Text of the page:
2 min video
6 min read

My child is being bullied. What can I do? 

- Help your child to feel more in control

Things you can try

  1. Acknowledge your own feelings

    It is normal to feel a range of feelings when you find out that your child is being bullied. This could include feeling angry, anxious, frustrated or saddened by this news. Try to talk with someone who can help you to process these difficult feelings. It is normal for your child to have a range of feelings also.

  2. Listen and understand

    Bullying can include things like hitting, threatening, unkind teasing and leaving someone out on purpose. Thinking about your child experiencing any of this can be really painful. But it’s important to put your feelings to one side.

    Try to listen rather than react. Sit down with your child and let them know you are listening. You can do that by repeating back what they’ve told you.

    Help them understand what bullying means. When a child falls out with their friends it can be painful and difficult, but it is different from bullying. And it’s important to make the distinction between rude and mean behaviour and bullying. Bullying behaviour is intended to hurt someone AND repeated.

  3. Reassure your child that it’s not their fault.  

    There is still a stigma around bullying. Children can feel like they’ve done something to deserve it. You can help them see that’s not true and that bullying should always be called out.

    Try saying, “You are very brave for telling me. None of this is your fault. What you’ve been going through sounds horrible, all children deserve to feel safe at school”.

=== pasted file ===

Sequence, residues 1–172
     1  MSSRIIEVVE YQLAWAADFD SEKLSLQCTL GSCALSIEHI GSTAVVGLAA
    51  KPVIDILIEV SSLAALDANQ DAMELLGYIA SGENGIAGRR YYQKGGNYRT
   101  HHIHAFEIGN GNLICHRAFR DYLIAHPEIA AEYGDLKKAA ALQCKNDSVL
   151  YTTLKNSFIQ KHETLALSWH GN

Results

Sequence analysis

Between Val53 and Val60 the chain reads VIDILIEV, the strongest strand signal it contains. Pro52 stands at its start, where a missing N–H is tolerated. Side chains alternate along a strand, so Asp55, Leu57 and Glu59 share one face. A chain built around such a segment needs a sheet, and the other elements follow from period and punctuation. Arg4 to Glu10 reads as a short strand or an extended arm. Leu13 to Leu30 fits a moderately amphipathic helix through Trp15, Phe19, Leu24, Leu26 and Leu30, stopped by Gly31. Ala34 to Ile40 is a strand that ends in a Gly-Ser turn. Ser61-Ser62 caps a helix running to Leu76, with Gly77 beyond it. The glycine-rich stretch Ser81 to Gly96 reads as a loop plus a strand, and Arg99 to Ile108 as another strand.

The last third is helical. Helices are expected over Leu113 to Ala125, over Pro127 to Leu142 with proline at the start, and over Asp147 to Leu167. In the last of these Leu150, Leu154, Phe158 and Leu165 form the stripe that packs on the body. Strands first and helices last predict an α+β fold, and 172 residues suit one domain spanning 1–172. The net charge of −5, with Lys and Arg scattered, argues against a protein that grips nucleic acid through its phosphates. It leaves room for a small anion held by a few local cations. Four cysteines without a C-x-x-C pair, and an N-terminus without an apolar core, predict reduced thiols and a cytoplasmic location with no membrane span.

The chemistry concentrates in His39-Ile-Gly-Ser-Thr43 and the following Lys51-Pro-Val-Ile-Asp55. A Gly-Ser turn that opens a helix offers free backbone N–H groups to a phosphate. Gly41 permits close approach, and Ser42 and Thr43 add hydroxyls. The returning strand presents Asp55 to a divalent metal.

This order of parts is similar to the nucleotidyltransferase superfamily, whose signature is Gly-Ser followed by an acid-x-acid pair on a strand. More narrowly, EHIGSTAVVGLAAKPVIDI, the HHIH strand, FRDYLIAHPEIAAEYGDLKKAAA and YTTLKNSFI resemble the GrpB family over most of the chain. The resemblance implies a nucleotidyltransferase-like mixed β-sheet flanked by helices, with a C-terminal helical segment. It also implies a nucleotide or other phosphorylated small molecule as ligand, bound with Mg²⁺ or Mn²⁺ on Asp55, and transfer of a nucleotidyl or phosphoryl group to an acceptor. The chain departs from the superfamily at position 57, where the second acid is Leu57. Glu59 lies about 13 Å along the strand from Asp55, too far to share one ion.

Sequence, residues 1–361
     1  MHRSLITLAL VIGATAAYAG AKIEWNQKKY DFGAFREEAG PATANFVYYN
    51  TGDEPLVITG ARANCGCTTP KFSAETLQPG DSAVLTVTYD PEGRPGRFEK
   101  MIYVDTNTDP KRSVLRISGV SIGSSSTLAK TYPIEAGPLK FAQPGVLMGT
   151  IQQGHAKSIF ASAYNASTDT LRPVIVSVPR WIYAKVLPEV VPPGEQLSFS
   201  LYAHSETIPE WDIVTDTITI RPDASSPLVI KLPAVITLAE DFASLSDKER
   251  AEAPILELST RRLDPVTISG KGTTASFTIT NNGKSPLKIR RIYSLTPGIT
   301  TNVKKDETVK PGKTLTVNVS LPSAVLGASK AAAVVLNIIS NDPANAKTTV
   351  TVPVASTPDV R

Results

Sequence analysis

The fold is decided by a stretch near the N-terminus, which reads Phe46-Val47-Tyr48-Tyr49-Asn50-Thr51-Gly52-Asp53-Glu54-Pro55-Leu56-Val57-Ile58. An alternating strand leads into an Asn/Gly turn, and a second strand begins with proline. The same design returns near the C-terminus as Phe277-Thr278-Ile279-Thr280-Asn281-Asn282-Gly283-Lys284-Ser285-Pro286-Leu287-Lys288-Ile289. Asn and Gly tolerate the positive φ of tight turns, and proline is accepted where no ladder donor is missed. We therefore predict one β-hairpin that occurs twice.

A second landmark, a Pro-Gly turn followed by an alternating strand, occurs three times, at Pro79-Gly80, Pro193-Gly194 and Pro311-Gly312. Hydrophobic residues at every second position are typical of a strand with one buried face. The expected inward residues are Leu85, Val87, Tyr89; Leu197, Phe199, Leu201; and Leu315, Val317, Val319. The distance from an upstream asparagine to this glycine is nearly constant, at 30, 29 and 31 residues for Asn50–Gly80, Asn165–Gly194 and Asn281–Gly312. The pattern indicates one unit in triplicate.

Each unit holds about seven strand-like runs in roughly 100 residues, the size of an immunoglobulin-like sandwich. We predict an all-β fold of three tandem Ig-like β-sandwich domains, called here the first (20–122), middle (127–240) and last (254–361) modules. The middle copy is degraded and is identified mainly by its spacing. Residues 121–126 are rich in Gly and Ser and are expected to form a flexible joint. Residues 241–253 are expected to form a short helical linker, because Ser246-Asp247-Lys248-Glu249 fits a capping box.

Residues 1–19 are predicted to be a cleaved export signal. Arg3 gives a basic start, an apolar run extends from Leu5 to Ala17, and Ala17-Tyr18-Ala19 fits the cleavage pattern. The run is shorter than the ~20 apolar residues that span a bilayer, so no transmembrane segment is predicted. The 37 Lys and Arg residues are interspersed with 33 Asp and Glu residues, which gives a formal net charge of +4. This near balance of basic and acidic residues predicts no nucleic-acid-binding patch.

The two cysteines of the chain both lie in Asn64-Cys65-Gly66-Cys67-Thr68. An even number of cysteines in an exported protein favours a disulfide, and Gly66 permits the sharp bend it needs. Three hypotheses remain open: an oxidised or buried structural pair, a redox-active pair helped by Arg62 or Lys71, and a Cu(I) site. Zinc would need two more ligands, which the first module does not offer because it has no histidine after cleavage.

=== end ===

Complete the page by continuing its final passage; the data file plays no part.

4. Help your child to come up with ideas about how to make things better.

    If your child is being bullied their behaviour may change. For example, they may be quieter or angrier than usual. Or they might fall behind or not want to go to school.  

    If we work with them to find a solution, we can help them to feel like they are more in control of the situation.

    Ask your child: "What would you like me to do to make this better/to help?" rather than just taking over. Including them in decisions will avoid more stress and worry for them.

  5. Celebrate your child’s strengths and differences.

    Help them see they are unique and fantastic just the way they are. Look for activities that will boost their confidence and self-esteem. This will help them keep the bullying in perspective. And it’s a chance to make new friends.

  6. Make an appointment to talk to someone at school.

    You can’t do this on your own. Make an appointment to talk to someone at school so you can think things through together. 

    The Anti-Bullying Alliance has lots of specialist advice for parents and a list of sources of support.

    Your child is unique and we hope there are some takeaways here that work for you. If you’re looking for help parenting children with additional needs, you can get specific advice from specialist organisations. Check out our list of support that we can recommend.

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